This doesn't even factor in regular folks who load up their PC's with extra drives of all sorts like me.
Most of the Sub 80% Conversion InEfficiencies occur at < 50 watts, even across various Power Supply Sizes & Ranges from quality PSU makers like SeaSonic.
But 80 Plus got it right since look at the vast majority of bare minimum Test Rigs that blow past the 50 Watt System Idle marks.
This doesn't even factor in all the regular pieces that people shove in their PC case.
TL : DR;
ATX 12VO is a niche solution for Ultra Small Form Factor PC's and LapTop Parts needing a common PSU standard or Low Core & Low Frequency Parts that go into Tiny Form Factor PC's.
You look at "Dell" and their proprietary BS that they like to pull while using a ATX 12VO-like only type PSU that doesn't conform to any spec.
Then there is a need to force Dell into some form of spec compliance, but their proprietary BS is what causes more eWaste.
ATX 12VO isn't a real replacement for ATX, or for DIY or regular MoBo usage.
Even down to Mini-ITX, the ATX PSU standard is still relevant and useful.
Remember folks, 60 watts used to be the minimum power requirement for traditional tungsten filament based Light Bulbs.
Now we use LED Light Buls, but with greater computing, we still consume more power than 50 watts while idling, trying to gain efficiencies at that low end only applies to a niche group of tiny form factor computing.
I don't see that changing in the future, as we demand more computing power in the future along with more cores and/or more frequency, that System Idle is only going to either go up, or stay at where they're at currently.
Edit: "for most average users who has a random assortment of hardware in their PC, including older stuff, this won't really help since the idle is usually way past 100W."
No, it's not. Just because you have high idle power (from running a ton of drives and not letting them idle, from what I remember you saying in the other thread), doesn't mean that's remotely typical.
These are all the same thing as SATA power plug...
RAM is primarily powered off the 12V rail via a DC-DC converter. 3.3V is part of the SATA power spec, but many drives don't actually use it.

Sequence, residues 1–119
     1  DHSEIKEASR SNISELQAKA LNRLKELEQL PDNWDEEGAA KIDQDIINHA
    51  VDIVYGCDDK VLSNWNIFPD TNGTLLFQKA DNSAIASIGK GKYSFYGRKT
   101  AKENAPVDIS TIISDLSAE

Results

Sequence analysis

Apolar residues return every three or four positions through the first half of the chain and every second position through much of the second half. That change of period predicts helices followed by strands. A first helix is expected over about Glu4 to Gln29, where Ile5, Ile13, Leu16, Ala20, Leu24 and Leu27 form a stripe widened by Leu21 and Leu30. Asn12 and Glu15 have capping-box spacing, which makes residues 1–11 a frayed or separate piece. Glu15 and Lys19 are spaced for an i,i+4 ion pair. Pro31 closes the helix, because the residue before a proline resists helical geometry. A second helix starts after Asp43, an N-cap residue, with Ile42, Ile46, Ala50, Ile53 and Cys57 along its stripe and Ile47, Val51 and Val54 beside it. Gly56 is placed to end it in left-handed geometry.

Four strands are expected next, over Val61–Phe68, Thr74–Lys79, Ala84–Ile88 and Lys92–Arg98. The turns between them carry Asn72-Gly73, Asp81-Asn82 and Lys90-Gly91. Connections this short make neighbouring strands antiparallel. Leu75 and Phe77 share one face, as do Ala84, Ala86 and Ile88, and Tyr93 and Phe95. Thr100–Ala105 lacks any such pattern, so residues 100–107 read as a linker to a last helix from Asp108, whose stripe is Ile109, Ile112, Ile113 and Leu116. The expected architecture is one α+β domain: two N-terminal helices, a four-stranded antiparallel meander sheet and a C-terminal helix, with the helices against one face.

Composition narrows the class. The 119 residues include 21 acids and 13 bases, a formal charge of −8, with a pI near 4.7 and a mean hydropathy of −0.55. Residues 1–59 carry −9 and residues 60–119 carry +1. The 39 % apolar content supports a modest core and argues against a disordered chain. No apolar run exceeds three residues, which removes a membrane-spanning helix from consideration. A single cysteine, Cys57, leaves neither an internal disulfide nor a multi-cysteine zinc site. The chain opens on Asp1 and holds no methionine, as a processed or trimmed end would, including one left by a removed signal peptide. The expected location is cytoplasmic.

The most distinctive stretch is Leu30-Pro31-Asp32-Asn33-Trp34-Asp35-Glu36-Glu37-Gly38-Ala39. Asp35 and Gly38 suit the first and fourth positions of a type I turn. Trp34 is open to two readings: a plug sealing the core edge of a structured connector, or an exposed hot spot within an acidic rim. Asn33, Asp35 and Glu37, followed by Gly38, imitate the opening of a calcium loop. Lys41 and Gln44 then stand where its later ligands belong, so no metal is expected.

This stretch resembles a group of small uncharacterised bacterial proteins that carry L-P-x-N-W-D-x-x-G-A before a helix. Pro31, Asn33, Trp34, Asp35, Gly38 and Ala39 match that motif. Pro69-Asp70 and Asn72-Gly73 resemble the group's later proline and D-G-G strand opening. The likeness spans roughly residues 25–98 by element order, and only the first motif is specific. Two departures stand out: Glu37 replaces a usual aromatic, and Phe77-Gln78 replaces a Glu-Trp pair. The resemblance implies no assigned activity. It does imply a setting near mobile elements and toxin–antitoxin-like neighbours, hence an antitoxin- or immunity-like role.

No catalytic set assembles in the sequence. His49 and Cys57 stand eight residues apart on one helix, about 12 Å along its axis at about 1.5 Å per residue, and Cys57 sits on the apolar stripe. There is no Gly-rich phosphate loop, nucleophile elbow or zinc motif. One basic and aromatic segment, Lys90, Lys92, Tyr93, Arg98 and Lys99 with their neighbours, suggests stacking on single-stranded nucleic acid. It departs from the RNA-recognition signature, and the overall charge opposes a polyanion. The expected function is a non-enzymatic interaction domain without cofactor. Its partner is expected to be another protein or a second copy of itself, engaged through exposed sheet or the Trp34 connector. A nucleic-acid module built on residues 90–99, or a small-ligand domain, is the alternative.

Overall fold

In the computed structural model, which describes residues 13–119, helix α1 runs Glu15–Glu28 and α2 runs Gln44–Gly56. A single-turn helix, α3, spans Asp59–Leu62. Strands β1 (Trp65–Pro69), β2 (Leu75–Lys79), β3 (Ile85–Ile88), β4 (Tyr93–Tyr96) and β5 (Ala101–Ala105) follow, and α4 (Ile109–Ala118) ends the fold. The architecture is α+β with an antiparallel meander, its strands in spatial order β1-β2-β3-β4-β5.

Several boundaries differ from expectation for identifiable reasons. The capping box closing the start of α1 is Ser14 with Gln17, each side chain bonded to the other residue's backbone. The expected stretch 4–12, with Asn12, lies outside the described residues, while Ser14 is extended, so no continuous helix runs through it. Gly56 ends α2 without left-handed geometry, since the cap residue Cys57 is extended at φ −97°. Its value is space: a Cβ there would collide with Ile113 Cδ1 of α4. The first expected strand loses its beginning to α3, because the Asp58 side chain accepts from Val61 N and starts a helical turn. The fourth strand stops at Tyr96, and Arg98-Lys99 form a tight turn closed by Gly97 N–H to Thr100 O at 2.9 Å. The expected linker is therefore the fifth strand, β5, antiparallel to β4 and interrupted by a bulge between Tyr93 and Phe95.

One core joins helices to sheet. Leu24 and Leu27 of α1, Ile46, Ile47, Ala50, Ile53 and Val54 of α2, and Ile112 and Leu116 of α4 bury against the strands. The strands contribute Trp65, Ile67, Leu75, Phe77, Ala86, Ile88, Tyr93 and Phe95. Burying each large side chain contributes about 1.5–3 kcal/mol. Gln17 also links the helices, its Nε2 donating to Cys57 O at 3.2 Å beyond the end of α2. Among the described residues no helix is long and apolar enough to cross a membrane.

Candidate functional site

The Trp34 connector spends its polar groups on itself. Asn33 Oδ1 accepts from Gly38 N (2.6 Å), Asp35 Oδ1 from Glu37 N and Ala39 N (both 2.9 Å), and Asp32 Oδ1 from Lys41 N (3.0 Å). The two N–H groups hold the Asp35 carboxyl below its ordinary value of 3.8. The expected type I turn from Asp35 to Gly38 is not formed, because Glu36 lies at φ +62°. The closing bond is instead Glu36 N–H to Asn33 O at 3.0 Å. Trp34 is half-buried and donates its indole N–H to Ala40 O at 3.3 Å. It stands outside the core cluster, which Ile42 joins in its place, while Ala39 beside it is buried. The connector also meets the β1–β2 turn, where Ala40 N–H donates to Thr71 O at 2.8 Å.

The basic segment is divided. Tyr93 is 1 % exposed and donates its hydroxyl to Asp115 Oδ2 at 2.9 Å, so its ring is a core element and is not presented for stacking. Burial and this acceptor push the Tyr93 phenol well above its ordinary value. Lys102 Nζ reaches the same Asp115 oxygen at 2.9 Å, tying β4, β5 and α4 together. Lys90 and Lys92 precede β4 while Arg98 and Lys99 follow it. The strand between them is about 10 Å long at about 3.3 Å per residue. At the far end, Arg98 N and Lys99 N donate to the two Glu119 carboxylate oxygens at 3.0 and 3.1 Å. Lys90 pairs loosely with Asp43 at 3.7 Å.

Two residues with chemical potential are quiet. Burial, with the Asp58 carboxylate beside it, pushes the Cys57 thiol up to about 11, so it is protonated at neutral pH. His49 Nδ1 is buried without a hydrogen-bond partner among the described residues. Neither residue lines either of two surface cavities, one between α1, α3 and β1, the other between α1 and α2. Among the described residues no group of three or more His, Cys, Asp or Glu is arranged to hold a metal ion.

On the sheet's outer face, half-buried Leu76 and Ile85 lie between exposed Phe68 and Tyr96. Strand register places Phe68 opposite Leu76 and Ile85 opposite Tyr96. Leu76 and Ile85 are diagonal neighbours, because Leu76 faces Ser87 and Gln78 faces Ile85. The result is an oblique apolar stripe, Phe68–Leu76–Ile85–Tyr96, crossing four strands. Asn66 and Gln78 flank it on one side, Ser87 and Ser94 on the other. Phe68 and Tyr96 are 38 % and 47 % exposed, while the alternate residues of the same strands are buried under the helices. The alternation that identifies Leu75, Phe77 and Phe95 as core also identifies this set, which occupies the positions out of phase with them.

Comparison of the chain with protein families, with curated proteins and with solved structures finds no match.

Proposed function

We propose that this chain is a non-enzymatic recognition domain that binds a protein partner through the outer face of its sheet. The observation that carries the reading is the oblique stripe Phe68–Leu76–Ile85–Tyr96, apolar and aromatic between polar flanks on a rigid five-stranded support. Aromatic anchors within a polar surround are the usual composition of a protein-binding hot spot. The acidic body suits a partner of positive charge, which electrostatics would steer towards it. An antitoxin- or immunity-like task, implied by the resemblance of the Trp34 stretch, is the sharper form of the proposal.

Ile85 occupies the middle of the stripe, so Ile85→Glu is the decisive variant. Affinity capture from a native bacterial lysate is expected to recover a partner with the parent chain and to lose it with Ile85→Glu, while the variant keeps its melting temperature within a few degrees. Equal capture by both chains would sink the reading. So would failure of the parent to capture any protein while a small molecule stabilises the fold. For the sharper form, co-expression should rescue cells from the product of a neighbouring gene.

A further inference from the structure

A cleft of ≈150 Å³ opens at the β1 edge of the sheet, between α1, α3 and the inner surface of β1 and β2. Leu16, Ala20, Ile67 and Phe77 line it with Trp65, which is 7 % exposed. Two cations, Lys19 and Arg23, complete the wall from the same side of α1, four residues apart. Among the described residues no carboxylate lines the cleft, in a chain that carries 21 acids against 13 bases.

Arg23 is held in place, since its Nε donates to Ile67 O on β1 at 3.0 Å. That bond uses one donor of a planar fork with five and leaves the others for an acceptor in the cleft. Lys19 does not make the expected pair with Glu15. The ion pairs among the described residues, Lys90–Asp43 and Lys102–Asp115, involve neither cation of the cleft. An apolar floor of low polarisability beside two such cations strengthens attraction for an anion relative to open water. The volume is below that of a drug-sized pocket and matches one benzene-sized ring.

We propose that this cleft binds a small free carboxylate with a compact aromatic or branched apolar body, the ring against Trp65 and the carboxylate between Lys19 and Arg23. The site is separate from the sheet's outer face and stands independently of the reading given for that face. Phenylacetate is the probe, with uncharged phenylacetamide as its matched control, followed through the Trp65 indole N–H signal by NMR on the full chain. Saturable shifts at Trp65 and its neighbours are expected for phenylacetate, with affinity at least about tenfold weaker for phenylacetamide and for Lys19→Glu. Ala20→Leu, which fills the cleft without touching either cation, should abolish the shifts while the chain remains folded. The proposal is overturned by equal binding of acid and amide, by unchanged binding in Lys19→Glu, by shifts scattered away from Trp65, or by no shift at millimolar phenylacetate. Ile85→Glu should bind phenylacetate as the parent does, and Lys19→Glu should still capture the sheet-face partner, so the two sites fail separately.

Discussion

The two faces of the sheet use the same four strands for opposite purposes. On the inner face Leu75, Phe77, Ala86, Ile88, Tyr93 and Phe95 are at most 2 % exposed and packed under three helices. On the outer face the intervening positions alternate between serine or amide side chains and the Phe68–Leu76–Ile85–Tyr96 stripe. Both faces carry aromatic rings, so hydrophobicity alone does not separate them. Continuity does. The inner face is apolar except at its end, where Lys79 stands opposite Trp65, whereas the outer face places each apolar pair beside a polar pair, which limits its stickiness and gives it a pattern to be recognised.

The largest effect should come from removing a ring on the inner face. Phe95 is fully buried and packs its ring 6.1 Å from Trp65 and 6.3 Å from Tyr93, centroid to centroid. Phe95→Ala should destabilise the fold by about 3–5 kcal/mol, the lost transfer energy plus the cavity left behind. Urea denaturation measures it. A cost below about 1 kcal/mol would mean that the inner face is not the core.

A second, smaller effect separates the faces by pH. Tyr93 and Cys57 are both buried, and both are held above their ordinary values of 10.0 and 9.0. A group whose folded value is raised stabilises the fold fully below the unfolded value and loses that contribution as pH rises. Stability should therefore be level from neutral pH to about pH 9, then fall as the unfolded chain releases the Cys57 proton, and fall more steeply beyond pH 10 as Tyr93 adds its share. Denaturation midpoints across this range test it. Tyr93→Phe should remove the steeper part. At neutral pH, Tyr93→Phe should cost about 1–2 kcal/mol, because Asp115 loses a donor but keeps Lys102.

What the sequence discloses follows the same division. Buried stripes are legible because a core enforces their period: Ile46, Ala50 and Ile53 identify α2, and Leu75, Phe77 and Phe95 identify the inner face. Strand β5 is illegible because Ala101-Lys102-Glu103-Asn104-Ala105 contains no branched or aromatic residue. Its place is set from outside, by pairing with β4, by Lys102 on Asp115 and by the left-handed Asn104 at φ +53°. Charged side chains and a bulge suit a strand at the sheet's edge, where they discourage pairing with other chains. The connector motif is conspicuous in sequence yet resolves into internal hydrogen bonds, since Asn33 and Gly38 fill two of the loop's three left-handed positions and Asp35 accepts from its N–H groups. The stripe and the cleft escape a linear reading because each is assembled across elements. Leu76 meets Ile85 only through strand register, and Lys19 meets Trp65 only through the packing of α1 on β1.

Edit: All your charts for idle system draw are measured at the wall, meaning they include power supply in(efficiency). And you're comparing it to DC watts, i.e. not taking into account PSU efficiency. Also, all of those idle power draw results are for systems with high end GPUs (e.g. 2080 Ti), and many of them 10+ core CPUs, neither of which are anywhere near the norm.
It takes quite a bit to break 100W idle unless your CPU and GPU are overclocked... or you have an insane amount of RGB fans running for nothing.
It also opens up the path for making every future interface standard 12VO to bypass intermediate conversions altogether since most of what few devices still use 3.3V and 5V have another layer of on-board DC-DC converters to drop those voltages even lower. Once we get there, 12VO will help make things slightly cheaper across the board.
It is a long-term play.
If you're considering the "average user" to be you, please stop there. You are most certainly not the average user.
Look at the PSU Efficiency curves that I posted relative to wattage consumed.
No, I leave everything at stock.
You should see how many other drives my friends have in their towers.
As I have written before, something like 12VO was inevitable since it makes no sense to maintain 3.3V and 5V rails when no meaningful loads use those anymore and most of the remaining ones have their own on-board converters to convert that to something else that could easily be adapted to a 12VO interface make-over to eliminate the need for intermediate DC-DC converters on the motherboard and PSU.
Don't get your panties in a bunch over this, the transition will likely take about 10 years to complete, you still have plenty of time left to continue drawing 1.21GW from 3.3V and 5V.
Try to force the industry to use more 3.3V & 5V and make PSU makers create as efficient as possible with the current ATX designs, even at the lower wattages that are sub 50 watts.
What these numpties dont realise is that we are fighting over Idle power here. Who is using idle power? If a PC is to be productive, then Idle power is for the other numpties who never turn their PC's off.
Fact is, and I believe you are correct. There are already 90% efficiency powersupplies that run on low load, and it does not make sense that the Environmental agencies are enforcing on OEMs to use powersupplies (that claim at best) and extra 3% efficiency. It looks like Intel has been doing their Bribe and lobbie again.
But since Intels poor gen 11 showing, they had to come out with something to make it look like OEMs could mitigate their losses selling new Intel chips to the numb skulls that dont need it.
And we have yet to see how the AI chips will affect idle load when the programs for it get more demanding.
Problem is, most of the commenters above are just Intel nuts who buy into the Claimed rhetoric. I always go to the forums to see what people who have 12vo's. It seems like they cost a fortune, fail more often, and you need a fairly specific one for the motherboard.
The change to VO;s make little difference and make no sense.
The cost will escalate for the Motherboard, so you will liternally pay more in the long run.
DC to DC was meant for Low power, it will be comically interesting when they start to develop high power systems, which i doubt they will.
I hope that the Enthusiasts make Intel pay for this pathetic move, and change to AMD for one generation as a show of solidarity against Intels bad Lobby tactics and pointless tech changes.